Ready to defend a corner

Ready to defend a corner

youngster’s header was easy for Heaton.  On 68 minutes, our friend from half-time’s claim that they had the youth team on the bench was contradicted as Kightly replaced Treacy.  The former Watford loanee was involved in the next attack as he received a ball from Mee, but his shot landed on the netting on top of the goal.  On 74 minutes, Murray battled to keep the ball, he was tripped, fell over, got up still with the ball at his feet and was finally taken down to win a free kick.  At this point, he was replaced by Fabbrini.  McGugan took the free-kick which was deep into the box, but cleared.  Then Fabbrini passed to McGugan whose cross was headed out for a corner.  He took the corner which reached Faraoni who put the shot wide.  With 10 minutes remaining, Hewitt replaced Stanislas and Pudil came on for Cassetti.  Soon after, a deep shot straight at Bond did not test the young

Post-match congratulations

Post-match congratulations

keeper.  I have to say that our defence were doing a great job of closing the Burnley players down and restricting their shooting opportunities.  In the 87th minute, a cross from Trippier was met by a clearance from Fabbrini for a corner.  From the corner, the shot went harmlessly wide.  Then Fabbrini brought the ball down on his chest, went on a great run, but when he released the ball his pass was too far in front of Bellerin and the attack broke down.  It had been a frantic last five minutes, but the game remained scoreless.  At the start of the 4 minutes of injury time, we were taking time over our set pieces and Nosworthy, who’d shaped to take a free kick and then left it for Bond, was booked for time wasting.  We almost snatched the win in time added on as McGugan and Deeney exchanged passes and the former Forest man’s shot was deflected into the side-netting.  Pudil got a head to the resulting corner, but the ball was cleared and the game ended with honours even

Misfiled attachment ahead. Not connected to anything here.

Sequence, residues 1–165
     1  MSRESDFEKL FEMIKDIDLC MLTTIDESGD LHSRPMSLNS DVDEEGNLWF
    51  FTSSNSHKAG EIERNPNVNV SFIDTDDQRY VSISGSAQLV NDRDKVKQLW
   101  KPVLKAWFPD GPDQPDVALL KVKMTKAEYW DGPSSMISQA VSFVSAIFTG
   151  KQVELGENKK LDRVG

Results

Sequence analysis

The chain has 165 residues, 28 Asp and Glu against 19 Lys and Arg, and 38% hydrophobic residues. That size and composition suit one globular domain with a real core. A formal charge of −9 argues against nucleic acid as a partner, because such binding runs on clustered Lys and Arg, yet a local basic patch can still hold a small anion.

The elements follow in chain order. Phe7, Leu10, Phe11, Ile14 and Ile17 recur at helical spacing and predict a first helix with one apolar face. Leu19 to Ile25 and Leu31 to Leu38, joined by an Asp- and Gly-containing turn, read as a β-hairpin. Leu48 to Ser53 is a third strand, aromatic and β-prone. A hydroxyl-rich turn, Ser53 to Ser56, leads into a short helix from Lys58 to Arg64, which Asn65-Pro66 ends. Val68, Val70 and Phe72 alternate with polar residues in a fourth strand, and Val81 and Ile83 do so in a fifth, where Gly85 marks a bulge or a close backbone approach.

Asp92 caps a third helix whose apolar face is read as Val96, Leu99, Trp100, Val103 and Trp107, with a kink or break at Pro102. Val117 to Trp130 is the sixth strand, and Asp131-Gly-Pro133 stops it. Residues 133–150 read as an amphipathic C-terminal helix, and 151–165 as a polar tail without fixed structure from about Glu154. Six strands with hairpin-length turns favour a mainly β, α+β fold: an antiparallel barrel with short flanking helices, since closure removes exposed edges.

This was such a contrast to Saturday both on and off the pitch.  Gone were the on field nervousness and the hostility from the stands.  Instead we had a brave, committed performance on the pitch which was cheered on enthusiastically by the 274 travelling Hornets.  The players spent some time on the pitch at the end thanking the fans for their support.  Zola looked a lot happier than he did at the weekend and must have been gratified to hear his name chanted again.  As a final gesture of thanks, Daniel Pudil removed his shirt, climbed over the advertising hoardings into the disabled enclosure and handed it to Gavin Ricketts.

All in all, it had been a very enjoyable evening and a timely reminder of why I go to these games.